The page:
Archives of Dermatological Research

, Volume 282, Issue 5, pp 304–310

Desmosomes, corneosomes and desquamation. An ultrastructural study of adult pig epidermis

  • S. J. Chapman
  • A. Walsh
Original Contributions

DOI: 10.1007/BF00375724

Cite this article as:
Chapman, S.J. & Walsh, A. Arch Dermatol Res (1990) 282: 304. doi:10.1007/BF00375724
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Summary

We recently developed a pig skin model to determine the role of corneosomes (modified desmosomes in the stratum corneum) and extracellular lipids in desquamation. The present study provides control morphometric data on the morphological changes in desmosomes and corneosomes leading to desquamation in adult pig epidermis in vivo. The extracellular space within desmosomes gradually widened from the basal to the granular layer, and decreased slightly in the stratum corneum. Mid-dense line broadening, and increased electron density of the distal light layers, coincided with membrane-coating granule extrusion in the outer granular layer. Corneocyte attachment correlated with corneosome distribution. Compactum packing was relatively tight and corneosomes were numerous. Cohesion was mainly peripheral in the disjunctum, and corneosomes were restricted to corneocyte edges. Adhesion had a tongue-and-groove appearance with corneosomes riveting corneocyte peripheries into a lipped groove on adjoining cells. Cells shed by peeling radially towards the lipped groove, and corneosomes decreased from lower to upper disjunctum. Corneosome breakdown commenced with an electron lucent band forming between the plug and lipid envelope. The plug was then unzipped from the lipid envelope and degraded. Corneosomes did not form squamosomes.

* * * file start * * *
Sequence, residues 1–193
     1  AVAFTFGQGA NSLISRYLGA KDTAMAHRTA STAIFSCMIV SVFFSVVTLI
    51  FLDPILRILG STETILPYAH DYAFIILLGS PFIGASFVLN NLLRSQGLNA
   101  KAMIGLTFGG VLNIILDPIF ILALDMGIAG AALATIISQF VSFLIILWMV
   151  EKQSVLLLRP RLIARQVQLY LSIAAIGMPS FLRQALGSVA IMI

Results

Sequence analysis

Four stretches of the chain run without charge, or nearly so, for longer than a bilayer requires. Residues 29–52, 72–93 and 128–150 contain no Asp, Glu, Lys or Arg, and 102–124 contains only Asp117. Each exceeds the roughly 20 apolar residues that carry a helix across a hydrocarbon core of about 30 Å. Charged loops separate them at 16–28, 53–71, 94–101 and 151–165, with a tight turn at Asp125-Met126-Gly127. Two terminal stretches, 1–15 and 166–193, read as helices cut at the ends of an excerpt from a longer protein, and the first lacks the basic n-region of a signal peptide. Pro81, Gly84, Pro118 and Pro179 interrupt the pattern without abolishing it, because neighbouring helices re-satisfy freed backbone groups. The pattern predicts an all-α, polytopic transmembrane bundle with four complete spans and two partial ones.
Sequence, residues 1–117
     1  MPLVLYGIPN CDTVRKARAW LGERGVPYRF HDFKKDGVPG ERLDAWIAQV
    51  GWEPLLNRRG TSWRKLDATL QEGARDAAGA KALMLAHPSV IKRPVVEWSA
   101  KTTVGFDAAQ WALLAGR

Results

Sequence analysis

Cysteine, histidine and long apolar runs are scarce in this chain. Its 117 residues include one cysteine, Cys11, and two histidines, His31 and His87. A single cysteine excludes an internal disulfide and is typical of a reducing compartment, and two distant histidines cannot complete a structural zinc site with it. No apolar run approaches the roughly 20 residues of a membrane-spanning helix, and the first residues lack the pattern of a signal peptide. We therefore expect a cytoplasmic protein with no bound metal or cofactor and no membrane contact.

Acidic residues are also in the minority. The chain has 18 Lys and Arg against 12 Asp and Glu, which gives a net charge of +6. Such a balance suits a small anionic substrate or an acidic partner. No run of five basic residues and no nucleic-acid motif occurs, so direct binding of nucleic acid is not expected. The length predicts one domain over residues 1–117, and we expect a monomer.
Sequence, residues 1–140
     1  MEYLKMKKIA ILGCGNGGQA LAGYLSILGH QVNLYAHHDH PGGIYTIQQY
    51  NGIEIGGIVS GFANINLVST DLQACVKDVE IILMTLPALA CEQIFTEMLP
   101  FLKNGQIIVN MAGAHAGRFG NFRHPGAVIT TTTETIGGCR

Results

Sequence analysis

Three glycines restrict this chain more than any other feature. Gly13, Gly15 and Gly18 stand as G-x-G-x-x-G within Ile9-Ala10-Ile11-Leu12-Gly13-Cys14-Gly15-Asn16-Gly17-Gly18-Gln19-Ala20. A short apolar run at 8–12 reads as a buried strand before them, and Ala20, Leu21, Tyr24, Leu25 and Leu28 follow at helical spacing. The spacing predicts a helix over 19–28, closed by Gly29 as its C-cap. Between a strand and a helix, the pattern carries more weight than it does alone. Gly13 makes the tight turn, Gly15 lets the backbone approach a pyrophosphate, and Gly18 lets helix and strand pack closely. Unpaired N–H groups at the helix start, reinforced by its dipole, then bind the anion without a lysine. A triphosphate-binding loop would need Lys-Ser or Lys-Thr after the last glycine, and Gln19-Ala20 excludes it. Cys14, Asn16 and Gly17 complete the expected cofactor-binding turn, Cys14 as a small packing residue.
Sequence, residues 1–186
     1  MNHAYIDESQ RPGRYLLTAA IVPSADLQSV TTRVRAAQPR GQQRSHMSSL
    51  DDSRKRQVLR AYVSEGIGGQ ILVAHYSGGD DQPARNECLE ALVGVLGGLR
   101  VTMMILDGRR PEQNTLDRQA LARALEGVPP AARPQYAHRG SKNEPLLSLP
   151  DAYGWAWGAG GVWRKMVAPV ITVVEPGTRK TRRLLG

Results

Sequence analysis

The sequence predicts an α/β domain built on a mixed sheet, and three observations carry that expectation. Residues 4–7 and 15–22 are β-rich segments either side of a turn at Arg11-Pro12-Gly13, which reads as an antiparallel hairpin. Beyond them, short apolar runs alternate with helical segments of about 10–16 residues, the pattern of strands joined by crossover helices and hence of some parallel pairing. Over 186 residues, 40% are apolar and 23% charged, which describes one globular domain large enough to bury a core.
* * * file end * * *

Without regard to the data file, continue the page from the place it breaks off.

Key words

Stratum corneumDesmosomesCorneosomesDesquamation

Copyright information

© Springer-Verlag 1990

Authors and Affiliations

  • S. J. Chapman
    • 1
  • A. Walsh
    • 1
  1. 1.Department of DermatologyRoyal Liverpool HospitalLiverpoolUK